David Terr's Website



“Fibonacci Expansions and ‘F-adic’ integers,” The Fibonacci Quarterly, v. 34, 1996

“On the Sums of Digits of Fibonacci Numbers,” The Fibonacci Quarterly, v. 35, 1996..

A Modification of Shanks’ Baby-Step Giant-Step Algorithm,” Mathematics of Computation, v. 69, 2000

Here's a copy of my resume

The Standard Model

The Standard Model of particle interactions is a theory developed from 1970 to 1973 which explains everything that is currently known about particle physics. It includes the electroweak theory, quantum chromodynamics, and special relativity. The only thing left out of the model is gravity. It is a hugely successful theory in that all its predictions have been experimentally verified to amazing accuracy. Nevertheless, most physicists are not happy with it for several reasons, including its 19 free parameters (physical constants whose values need to be put in by hand), its lack of elegance and simplicity, and the absence of gravity. The consensus is that there's a bigger theory which includes gravity and with no free parameters. This would be a unified field theory, or a theory of everything. Although physicists since Einstein in the 1920s have been searching for a unified field theory, they have not succeeded yet, though there is some hope that they will soon.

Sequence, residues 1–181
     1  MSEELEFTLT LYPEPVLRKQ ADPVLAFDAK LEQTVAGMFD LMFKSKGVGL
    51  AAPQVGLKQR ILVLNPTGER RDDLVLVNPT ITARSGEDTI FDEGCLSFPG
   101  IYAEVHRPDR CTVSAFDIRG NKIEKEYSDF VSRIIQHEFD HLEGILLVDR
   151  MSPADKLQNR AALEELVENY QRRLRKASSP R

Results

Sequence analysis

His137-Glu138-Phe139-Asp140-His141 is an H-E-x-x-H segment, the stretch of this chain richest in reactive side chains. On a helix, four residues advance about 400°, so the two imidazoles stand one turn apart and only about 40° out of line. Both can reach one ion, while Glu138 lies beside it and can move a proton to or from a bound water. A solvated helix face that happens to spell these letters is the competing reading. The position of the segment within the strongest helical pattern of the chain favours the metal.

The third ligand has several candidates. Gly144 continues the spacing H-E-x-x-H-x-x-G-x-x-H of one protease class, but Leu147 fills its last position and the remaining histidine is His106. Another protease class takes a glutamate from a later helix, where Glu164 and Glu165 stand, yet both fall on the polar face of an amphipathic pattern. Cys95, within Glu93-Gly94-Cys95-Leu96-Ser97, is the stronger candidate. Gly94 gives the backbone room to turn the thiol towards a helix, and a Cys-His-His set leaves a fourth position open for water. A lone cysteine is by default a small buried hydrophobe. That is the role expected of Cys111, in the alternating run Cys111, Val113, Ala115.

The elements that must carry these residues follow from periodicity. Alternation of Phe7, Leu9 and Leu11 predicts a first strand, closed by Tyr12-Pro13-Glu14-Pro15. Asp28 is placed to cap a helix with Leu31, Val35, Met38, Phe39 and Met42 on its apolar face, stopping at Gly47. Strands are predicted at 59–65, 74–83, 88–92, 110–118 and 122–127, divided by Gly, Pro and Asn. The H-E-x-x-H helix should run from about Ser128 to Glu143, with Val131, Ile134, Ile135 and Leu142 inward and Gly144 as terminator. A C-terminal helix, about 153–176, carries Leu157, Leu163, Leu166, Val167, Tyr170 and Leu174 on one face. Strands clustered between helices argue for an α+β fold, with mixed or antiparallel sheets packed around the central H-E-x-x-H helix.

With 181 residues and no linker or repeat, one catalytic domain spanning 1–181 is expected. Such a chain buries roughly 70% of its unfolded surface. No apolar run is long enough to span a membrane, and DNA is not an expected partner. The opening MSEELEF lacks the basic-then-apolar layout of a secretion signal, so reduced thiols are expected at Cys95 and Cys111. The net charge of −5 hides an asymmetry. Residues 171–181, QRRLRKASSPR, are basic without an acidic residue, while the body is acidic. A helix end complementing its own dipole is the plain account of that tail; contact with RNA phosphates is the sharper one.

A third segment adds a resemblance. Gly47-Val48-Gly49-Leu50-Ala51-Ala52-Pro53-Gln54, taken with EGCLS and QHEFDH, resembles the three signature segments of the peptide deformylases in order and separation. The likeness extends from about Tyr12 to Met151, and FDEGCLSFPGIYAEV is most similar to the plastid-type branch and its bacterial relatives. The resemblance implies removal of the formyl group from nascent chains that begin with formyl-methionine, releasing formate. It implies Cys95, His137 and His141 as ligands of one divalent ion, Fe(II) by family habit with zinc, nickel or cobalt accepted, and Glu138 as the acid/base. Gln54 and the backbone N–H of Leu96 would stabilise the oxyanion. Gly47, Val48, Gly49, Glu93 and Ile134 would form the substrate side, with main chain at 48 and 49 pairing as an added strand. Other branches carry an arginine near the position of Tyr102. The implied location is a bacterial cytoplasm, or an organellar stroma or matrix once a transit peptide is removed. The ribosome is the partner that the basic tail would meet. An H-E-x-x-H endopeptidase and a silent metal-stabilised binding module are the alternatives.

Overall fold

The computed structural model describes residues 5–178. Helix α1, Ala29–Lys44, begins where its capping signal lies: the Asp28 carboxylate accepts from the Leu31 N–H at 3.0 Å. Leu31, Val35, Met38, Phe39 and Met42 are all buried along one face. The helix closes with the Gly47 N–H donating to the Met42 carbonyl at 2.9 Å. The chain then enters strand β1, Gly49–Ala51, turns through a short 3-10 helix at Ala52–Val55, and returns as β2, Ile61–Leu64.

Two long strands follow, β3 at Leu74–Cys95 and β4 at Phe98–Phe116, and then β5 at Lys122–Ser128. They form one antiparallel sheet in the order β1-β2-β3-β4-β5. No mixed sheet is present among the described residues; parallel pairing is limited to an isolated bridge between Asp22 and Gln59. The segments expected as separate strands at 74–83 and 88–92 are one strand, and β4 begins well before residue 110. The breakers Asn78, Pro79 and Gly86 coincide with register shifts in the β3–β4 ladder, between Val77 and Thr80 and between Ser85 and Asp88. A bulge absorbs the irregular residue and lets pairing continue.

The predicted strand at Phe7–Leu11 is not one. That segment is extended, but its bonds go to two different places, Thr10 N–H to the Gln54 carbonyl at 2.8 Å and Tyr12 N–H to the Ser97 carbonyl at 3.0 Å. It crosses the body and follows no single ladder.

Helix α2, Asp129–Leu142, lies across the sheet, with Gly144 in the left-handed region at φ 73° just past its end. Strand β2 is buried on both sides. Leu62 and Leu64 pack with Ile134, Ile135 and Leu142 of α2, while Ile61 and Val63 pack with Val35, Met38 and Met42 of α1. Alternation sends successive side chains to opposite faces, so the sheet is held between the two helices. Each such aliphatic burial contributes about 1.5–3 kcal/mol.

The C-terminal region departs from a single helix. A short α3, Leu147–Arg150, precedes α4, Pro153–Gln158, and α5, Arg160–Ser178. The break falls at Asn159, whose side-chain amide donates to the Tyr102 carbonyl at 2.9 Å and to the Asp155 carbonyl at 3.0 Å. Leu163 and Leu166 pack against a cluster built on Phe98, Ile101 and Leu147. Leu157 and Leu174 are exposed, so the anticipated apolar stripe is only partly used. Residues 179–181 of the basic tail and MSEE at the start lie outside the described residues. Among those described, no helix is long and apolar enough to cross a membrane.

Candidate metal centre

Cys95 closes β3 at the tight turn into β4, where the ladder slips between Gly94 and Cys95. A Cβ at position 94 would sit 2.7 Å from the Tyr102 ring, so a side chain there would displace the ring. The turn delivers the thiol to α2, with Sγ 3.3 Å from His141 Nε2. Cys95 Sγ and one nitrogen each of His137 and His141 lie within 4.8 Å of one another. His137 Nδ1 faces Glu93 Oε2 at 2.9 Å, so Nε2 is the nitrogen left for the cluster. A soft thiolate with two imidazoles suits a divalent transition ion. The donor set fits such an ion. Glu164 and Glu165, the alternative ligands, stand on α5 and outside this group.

Particles in the Standard Model
The particles in the standard model include fermions and bosons. Fermions are particles with half-integer spin (1/2, 3/2, etc.). These particles obey the Pauli Exclusion Principle and may be regarded at particles of matter. On the other hand, bosons are particles with integer spin (0, 1, 2, etc.), which are the force carrying particles. Fermions are further divided into quarks and leptons. There are three families of quarks and leptons. The first family of quarks consists of down and up quarks, the second family strange and charmed quarks, and the third family bottom and top quarks. Quarks are further subdivided into three colors, red, green, and blue, and their antiparticles into the colors antired, antigreen, and antiblue. The leptons in the standard model are the electron, the electron neutrino, the muon, the muon neutrino, the tauon, the tauon neutrino, and all their antiparticles. The bosons include the photon, which carries the electromagnetic force, the W+, W- and Z0 particles, which carry the electroweak force, eight gluons, which carry the strong nuclear or color force, and the as yet undiscovered Higgs boson, which is responsible for symmetry breaking. In all, there are a total of 61 particles in the standard model.